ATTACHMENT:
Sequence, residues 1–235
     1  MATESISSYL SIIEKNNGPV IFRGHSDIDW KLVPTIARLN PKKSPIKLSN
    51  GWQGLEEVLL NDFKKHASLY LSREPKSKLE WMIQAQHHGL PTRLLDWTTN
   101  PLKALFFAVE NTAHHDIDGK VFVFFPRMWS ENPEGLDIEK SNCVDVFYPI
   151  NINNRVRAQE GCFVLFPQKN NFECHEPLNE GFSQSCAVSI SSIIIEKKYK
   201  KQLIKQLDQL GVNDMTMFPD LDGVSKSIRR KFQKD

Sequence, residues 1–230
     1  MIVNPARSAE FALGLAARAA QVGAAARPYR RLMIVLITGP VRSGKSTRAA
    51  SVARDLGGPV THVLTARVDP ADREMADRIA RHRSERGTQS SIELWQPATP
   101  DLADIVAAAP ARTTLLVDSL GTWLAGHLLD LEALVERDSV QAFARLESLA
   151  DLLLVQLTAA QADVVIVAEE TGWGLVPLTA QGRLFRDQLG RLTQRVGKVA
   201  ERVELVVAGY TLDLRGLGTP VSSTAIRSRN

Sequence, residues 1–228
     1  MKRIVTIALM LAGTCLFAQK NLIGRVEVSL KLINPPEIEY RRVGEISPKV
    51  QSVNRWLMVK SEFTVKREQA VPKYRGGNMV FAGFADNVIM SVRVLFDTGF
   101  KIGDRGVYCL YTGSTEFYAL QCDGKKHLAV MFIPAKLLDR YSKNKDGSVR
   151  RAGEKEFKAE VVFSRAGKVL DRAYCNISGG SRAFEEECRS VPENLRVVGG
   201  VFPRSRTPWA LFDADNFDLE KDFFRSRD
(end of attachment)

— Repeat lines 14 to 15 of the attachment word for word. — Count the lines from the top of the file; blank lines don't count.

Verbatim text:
     1  MKRIVTIALM LAGTCLFAQK NLIGRVEVSL KLINPPEIEY RRVGEISPKV
    51  QSVNRWLMVK SEFTVKREQA VPKYRGGNMV FAGFADNVIM SVRVLFDTGF